The Tennessee teacher in charge of advising the students who create the Lenoir City High School annual yearbook has been transferred after a half-page interview positively depicting a gay student appeared in the school’s yearbook. Long-time journalism teacher and English Department Chair James Yoakley has been under attack by anti-gay parents and voters, including a neighboring school board member, Van Shaver, for the article, titled, “It’s OK To Be Gay,” which was written by a student and published in the school’s yearbook.
At the beginning of May, Van Shaver, one of Yoakley’s key opponents, wrote:
If in fact it was Mr. Yoakley or any other teacher who allowed this article to be published in the year book, they should be dismissed from the school immediately. If it is found or known that Mr. Yoakley or any other teacher at any time has had any conversations or discussions with this student or any other student about their sexual orientation, sexual activities or anything about their private lives prior to those students being of legal age, those teachers should be charged with child sex abuse by an authority figure and arrested.
“I’m not happy with the reassignment, but will make the most of it and use it as an opportunity to grow as a teacher,” Yoakley told the Student Press Law Center via email. “I think that because I had done nothing that warranted my dismissal and that since I refused to acquiesce to the principal’s suggestion that I resign, the system decided that the only way they could show that they had taken action was to move me to another school.”
The story prompted strong reactions from community members against its publication, with some circulating a letter demanding a response and encouraging others to “take a stand for our faith.”
A separate group — called “Take A Stand Against The Ignorance In Lenoir City” on Facebook — has encouraged more tolerance and openness by the district.
The Student Press Law Center’s Seth Zweifler writes that Yoakley, “believes last week’s reassignment was a move ‘designed to appease a small, but vocal, group of voters.”
Superintendent Wayne Miller, who made the decision, denied this, saying instead that the yearbook never obtained Mitchell’s permission to run the piece.
“Whether I think the content is appropriate or not is less the issue here than the fact that if we know we are going to publish controversial things and don’t bother to get the student’s permission, that’s a problem,” Miller said.
He added that “the courts have already been clear that these [student] publications are not open public forums … and it was reasonable to think this story was going to create some issues.”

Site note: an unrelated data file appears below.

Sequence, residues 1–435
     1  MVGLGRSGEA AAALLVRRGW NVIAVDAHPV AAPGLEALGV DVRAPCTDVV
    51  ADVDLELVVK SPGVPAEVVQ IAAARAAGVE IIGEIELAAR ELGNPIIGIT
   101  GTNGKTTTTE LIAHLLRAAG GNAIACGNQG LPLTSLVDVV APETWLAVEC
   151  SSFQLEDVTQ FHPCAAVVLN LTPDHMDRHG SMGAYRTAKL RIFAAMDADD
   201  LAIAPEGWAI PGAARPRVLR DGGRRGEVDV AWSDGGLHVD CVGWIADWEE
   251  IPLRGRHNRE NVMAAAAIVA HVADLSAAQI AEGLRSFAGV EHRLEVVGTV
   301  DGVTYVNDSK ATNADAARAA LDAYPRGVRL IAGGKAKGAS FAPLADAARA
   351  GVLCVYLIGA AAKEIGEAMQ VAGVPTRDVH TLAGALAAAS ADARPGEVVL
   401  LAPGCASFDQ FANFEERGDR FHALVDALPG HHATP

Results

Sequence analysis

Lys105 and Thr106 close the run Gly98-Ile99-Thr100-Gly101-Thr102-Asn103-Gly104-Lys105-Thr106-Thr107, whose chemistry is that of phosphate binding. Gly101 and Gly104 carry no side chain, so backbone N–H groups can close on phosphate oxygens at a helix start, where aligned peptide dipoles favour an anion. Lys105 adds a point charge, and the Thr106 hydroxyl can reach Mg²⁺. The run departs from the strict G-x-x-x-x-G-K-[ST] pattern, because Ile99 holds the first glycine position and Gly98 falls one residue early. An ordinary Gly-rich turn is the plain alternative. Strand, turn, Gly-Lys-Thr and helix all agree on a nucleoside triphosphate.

Yoakley, though, said Mitchell knew clearly that he was being interviewed for the yearbook, and had even openly expressed pride over the story soon after its publication.
Despite pressure from community members, Yoakley said the decision to allow the article was clear cut.
“I view the school yearbook and newspaper as student media. They make the editorial decisions, they decide the content and layout,” he said. “I have been the adviser for six years and have developed a philosophy that I think falls in line with student productions across the country.”
Though Yoakley does not plan to pursue any legal action against the district, SPLC Attorney Advocate Adam Goldstein believes both Yoakley and his students could have a strong case, even though nobody was fired.
“If the change in duties is perceived as retaliatory, it can still be the basis for a lawsuit,” Goldstein said.
He added that the minimal legal standard for determining whether a source has given permission to be interviewed by a reporter is whether a person of “ordinary intelligence” would recognize that what is happening is, in fact, an interview.
“If the school thinks that a graduating senior can’t tell when he’s being interviewed, then the yearbook is the least of their problems with their educational offerings,” he said.
According to Miller, this is not the first time that Yoakley has allowed “inappropriate content” to make its way into either the yearbook or newspaper. He believes Yoakley has not always exercised appropriate oversight over the publications, and hopes that his reassignment will allow him to be “more successful.”
That “inappropriate content”?
Earlier this year, as The New Civil Rights Movement reported, a student wrote an op-ed chastising the Lenoir City school system for promoting prayer before board meetings and football games. “I feel that my rights as an atheist are severely limited when compared to other students who are Christians,” the student wrote. The school administration refused to allow the piece to be published in the school newspaper so the student sent it to the local newspaper, where it was published and reprinted elsewhere, causing a firestorm among the local citizens who do not support the constitutionally-required separation of church and state.
“In this twisted world we live in, some may believe It’s OK to be gay but it’s darn sure not OK for teachers to be promoting homosexuality in our high schools,” school board member Van Shaver wrote in a blog post, “It’s Not OK,” on his personal blog, in which he claims the yearbook article is “promoting a gay life style.”
And as New Civil Rights Movement writer Scott Rose stated earlier this month, it may have violated federal statutes had the article on the gay student not been allowed to run.
Editor’s note: An earlier version of this story incorrectly identified the Student Press Law Center as the Southern Poverty Law Center. We apologize for the error.
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